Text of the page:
I'm in Mae Salit with a bunch of Gulliwa's (white people) at a really fancy restaurant. Just to give you an idea of how fancy it is, in Canada many restaurants say "no shirt, no shoes: no service". Here it's no Thai: no service. Anyway, there's another couple missionary families here for about a week. For the last couple days, there was also a dentist and a doctor working at the school.
During the times I haven't been busy perfecting my thumb twiddling skills, I've been making table frames and shelves, working in the garden, learning to play caneball, and breaking stuff.
The garden work involved digging and dunging vegetable beds, and helping to set up bamboo trellises for tomatoes and beans. The school's garden has really taken off in the last month, and the cook has been using greens grown there for over a week. We dug water lines into the garden area, so now they have gravity-flow water system to water the garden (with maybe a couple inches of head in the high places).
The carpentry work has been an excellent learning experience for me. I have the use of a skil saw, a drill, and an angle grinder. The lumber is like rough-cut 2X4's. Needless to say, many hours have taught me the value of table saws, planers and other tools. Designing and building beds, shelves, and tables with the available materials has been fun (now you know how much biking I'm doing here). I now have a student, Cha E Tu, working with me, and he's learning very well.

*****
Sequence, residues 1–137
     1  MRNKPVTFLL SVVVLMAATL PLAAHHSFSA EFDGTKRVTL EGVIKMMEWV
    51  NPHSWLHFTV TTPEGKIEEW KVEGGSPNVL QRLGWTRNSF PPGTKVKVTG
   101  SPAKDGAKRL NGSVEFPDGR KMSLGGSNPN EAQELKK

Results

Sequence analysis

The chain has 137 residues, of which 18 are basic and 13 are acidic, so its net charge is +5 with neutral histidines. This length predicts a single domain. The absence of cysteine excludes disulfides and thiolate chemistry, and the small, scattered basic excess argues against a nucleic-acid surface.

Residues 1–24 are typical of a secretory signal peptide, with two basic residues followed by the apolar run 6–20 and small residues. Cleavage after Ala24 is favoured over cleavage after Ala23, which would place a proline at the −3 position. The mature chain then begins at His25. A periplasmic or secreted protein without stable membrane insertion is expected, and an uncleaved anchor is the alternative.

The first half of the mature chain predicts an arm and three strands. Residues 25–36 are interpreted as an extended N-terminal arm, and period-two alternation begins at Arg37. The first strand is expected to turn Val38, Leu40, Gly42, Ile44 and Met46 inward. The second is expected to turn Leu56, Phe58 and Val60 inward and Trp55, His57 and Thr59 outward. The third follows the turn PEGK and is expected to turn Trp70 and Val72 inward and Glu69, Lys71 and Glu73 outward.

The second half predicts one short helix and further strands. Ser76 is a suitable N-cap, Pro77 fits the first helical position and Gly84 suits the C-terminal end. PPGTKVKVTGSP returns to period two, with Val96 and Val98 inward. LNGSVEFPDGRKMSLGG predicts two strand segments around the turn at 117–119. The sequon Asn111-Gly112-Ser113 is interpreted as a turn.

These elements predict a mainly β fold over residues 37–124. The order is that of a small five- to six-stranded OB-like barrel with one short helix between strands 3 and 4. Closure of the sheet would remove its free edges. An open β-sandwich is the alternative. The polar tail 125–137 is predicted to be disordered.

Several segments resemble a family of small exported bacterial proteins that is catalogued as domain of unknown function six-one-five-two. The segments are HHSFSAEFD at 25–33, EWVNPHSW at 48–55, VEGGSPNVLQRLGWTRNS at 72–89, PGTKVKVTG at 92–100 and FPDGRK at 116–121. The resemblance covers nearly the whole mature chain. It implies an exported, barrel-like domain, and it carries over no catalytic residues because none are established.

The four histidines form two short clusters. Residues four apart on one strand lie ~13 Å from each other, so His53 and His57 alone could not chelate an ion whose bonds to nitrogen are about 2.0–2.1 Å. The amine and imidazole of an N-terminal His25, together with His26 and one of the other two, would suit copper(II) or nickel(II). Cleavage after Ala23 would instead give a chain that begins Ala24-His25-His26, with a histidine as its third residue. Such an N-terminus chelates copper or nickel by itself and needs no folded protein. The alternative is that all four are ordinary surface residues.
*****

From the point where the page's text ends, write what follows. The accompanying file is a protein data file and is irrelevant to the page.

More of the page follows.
Another good (time consuming) learning experience has been breaking tools. There was a wire getting bad in the angle grinder. After my first fix ended up being temporary, I tried to replace the wire: and pulled the wire right out of the windings. So I got to learn how to take the windings out of a tool motor, and why you shouldn't scratch any wires in the process. The grinder did run for an hour or two after the repair, but I'm now using a new grinder. I also had the skill saw somewhat apart, but it's doing better.
Miles and I have been learning to play Caneball, the hands-free volleyball game. The locals here are very skilled at it, my skills give good contrast to theirs.
Yesterday was the first time I heard warfare: at about 11:30, we heard explosions and gunfire in Burma. The Burmese have been advancing through what the Karen had held, and clearing their landmines. Apparently what we heard was a successful ambush that the Karen staged. It only lasted about 10min. By the way, that afternoon we went swimming in the border river (in the opposite direction from the fighting.
Feb 27 update
Yesterday a bunch of the guys hiked up to some more of those rock outcroppings. I went up later and joined them. It's a good thing they were making lots of noise so I could find them. We had a little worship on the top of the rocks. One of the routes down included going down a vine about 25'. It's amazing how strong the roughly 2" diameter vines were: I went up and down one, and it's no worse for the wear ( nor am I). The hike back to the school involved lots of sliding: good thing there was lots of bamboo to grab on the way.
Last Sabbath a whole bunch of us went up to the pagoda. When some of the kids found out I has a camera, I had almost incessant photo requests for a while.
There are often villagers who come to the Adams' house with medical needs. Last Sunday it seemed like there was a ton of them. And that's saying something, since these people don't weigh very much. There was a blind man with no hands. As I was wondering if he was a victim of the fighting in Burma, I started to feel very privileged. Many of these people have it rough.
I've been doing some electrical repairs here: it's a sketchy setup with really thin wires.
The visiting American families left this morning. They were working on a short video to show how God has led in getting this school going and to present the current needs. I listened in on Mrs. Adams sharing the story: it's amazing.